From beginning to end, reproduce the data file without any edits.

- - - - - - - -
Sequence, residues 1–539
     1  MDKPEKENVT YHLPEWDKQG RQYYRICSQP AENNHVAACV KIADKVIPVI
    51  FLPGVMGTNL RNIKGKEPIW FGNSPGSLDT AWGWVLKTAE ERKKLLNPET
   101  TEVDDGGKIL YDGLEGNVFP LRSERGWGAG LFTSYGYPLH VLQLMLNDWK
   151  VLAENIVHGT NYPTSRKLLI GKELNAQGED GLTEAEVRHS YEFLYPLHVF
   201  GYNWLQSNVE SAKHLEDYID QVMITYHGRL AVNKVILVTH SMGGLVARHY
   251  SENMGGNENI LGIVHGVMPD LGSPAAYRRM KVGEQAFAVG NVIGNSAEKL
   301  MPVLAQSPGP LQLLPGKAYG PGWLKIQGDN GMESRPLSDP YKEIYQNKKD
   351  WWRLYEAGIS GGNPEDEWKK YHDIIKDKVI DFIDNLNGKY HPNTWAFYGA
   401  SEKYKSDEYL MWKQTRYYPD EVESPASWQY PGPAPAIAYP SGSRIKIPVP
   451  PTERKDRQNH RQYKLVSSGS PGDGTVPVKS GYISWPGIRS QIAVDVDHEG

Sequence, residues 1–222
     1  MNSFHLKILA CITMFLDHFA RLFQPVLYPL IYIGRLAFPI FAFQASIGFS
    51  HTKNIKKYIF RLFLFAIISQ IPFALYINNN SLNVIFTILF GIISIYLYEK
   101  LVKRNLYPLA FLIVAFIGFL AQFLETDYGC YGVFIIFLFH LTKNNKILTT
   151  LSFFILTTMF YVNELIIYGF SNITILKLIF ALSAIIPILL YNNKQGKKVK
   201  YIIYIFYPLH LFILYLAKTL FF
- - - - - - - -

Sequence, residues 1–539
     1  MDKPEKENVT YHLPEWDKQG RQYYRICSQP AENNHVAACV KIADKVIPVI
    51  FLPGVMGTNL RNIKGKEPIW FGNSPGSLDT AWGWVLKTAE ERKKLLNPET
   101  TEVDDGGKIL YDGLEGNVFP LRSERGWGAG LFTSYGYPLH VLQLMLNDWK
   151  VLAENIVHGT NYPTSRKLLI GKELNAQGED GLTEAEVRHS YEFLYPLHVF
   201  GYNWLQSNVE SAKHLEDYID QVMITYHGRL AVNKVILVTH SMGGLVARHY
   251  SENMGGNENI LGIVHGVMPD LGSPAAYRRM KVGEQAFAVG NVIGNSAEKL
   301  MPVLAQSPGP LQLLPGKAYG PGWLKIQGDN GMESRPLSDP YKEIYQNKKD
   351  WWRLYEAGIS GGNPEDEWKK YHDIIKDKVI DFIDNLNGKY HPNTWAFYGA
   401  SEKYKSDEYL MWKQTRYYPD EVESPASWQY PGPAPAIAYP SGSRIKIPVP
   451  PTERKDRQNH RQYKLVSSGS PGDGTVPVKS GYISWPGIRS QIAVDVDHEG

Sequence, residues 1–222
     1  MNSFHLKILA CITMFLDHFA RLFQPVLYPL IYIGRLAFPI FAFQASIGFS
    51  HTKNIKKYIF RLFLFAIISQ IPFALYINNN SLNVIFTILF GIISIYLYEK
   101  LVKRNLYPLA FLIVAFIGFL AQFLETDYGC YGVFIIFLFH LTKNNKILTT
   151  LSFFILTTMF YVNELIIYGF SNITILKLIF ALSAIIPILL YNNKQGKKVK
   201  YIIYIFYPLH LFILYLAKTL FF